My heart is heavy over the sudden death of a friend. Her name is Cory, and just last weekend Dave and I met her and her husband and their two children, a year-old boy and 4-year-old girl at the park to talk, walk and let the children play.
It was a rainy and windy day. Cory was mostly focused on her son, the newly toddling little guy that he is in a thick, blue rain suit. At one point she and I peeled off from the group, strolling along the sidewalk. She discussed a need to move by the month’s end because their landlord needed a place to live. She was understanding, yet felt conflicted about buying something with the nature of the current housing market.
She shared her desire for a house that her family could grow into. It’d have a yard, she told me, with four, maybe five bedrooms.
I vividly remember her with her son. She was just googly-eyed over him. He kept running over to the lake and played chicken with going in it. She’d run over to him, scoop him up and then run up the beach and set him down a huge smile on her face the whole way. When inevitably he’d toddle back to the water, she’d run after him again without a care in the world.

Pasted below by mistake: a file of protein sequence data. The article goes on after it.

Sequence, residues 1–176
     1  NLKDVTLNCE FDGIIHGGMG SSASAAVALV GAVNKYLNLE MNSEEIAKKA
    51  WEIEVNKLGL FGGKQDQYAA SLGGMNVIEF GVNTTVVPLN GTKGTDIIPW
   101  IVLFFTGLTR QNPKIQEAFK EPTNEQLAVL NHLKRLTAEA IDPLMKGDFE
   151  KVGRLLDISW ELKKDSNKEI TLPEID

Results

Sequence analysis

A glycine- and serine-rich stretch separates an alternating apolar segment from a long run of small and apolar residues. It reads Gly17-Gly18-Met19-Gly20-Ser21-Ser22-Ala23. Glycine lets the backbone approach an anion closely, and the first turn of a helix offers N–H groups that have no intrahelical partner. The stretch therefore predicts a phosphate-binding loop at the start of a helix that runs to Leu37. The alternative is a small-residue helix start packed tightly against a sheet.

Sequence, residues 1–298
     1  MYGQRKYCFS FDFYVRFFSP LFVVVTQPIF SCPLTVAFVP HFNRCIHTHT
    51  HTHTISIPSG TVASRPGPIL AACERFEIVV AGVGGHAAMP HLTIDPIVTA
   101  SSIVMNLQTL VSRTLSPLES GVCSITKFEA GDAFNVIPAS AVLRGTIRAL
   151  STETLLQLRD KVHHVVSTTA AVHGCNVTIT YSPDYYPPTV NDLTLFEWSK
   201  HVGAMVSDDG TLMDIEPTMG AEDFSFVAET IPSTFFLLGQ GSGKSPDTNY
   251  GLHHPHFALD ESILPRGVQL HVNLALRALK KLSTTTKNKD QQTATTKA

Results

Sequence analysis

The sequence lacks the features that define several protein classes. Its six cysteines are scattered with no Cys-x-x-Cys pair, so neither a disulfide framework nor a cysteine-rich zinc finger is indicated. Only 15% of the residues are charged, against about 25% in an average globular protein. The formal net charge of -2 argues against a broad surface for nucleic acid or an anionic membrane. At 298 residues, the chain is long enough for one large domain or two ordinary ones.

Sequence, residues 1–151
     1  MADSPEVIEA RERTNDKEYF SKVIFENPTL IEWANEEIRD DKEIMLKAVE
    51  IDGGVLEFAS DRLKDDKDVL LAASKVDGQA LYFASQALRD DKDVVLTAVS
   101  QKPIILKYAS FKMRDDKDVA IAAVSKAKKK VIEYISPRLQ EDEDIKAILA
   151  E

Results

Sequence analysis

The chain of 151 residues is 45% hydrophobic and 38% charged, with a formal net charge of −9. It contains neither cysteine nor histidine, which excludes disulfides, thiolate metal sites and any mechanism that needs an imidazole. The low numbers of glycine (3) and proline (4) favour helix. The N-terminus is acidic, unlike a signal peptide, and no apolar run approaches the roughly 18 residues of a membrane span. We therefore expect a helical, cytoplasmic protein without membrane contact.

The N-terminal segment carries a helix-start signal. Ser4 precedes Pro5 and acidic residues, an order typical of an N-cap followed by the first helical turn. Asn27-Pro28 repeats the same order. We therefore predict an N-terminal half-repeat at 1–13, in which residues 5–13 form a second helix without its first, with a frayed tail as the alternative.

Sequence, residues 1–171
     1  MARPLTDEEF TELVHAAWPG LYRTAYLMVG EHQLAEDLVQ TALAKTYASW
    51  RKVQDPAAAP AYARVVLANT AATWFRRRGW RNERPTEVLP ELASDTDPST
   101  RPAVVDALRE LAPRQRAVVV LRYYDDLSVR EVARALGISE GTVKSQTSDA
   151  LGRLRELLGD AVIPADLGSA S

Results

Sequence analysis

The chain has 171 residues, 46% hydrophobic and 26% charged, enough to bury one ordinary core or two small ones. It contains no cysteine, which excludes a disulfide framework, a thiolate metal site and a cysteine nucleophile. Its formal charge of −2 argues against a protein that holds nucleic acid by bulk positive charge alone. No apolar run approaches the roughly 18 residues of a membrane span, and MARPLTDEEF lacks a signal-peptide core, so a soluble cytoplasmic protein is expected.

I sat cross-legged in the yard earlier, reflecting on our time together that day and my only thought was, “but she was so alive.” So freaking alive.
Dave’s now at the store buying food. I’m going to make rice, beans, and enchiladas and we’re going to bring it over to their family later this evening. Another family’s brought lasagna for tonight, so our meal will be on the docket for tomorrow.
I called my Dad. “When Mom died, what did you appreciate most that other people did for you?” He couldn’t talk long because he was in between holes on the golf course, “Well, the high school basketball team organized a meal train. It was nice to not have to think about that. One or two meals a week, if I’m remembering correctly and they did that for us for two months.”
I remember those meals. I remember feeling special that people cared about our family like that. And I also remember how exciting it was to see (and taste, of course) what people had made.
Dave, Evelyn, and I went to their house. We took the food and spent time with family members and friends talking. We stayed until everyone went to bed, and it was nice, in spite of the circumstances.
I’m sure I have more to say, but I need some time for myself before bed. I know you understand.
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